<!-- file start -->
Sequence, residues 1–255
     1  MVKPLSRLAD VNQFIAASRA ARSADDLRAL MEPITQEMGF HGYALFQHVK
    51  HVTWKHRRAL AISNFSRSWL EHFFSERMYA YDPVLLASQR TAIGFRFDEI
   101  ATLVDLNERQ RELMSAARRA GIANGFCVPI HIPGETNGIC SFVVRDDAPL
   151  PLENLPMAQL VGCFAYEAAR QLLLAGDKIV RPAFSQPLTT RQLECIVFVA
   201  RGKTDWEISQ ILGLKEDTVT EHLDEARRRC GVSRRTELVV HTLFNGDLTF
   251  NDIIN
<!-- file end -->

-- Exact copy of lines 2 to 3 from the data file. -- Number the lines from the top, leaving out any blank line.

     1  MVKPLSRLAD VNQFIAASRA ARSADDLRAL MEPITQEMGF HGYALFQHVK
    51  HVTWKHRRAL AISNFSRSWL EHFFSERMYA YDPVLLASQR TAIGFRFDEI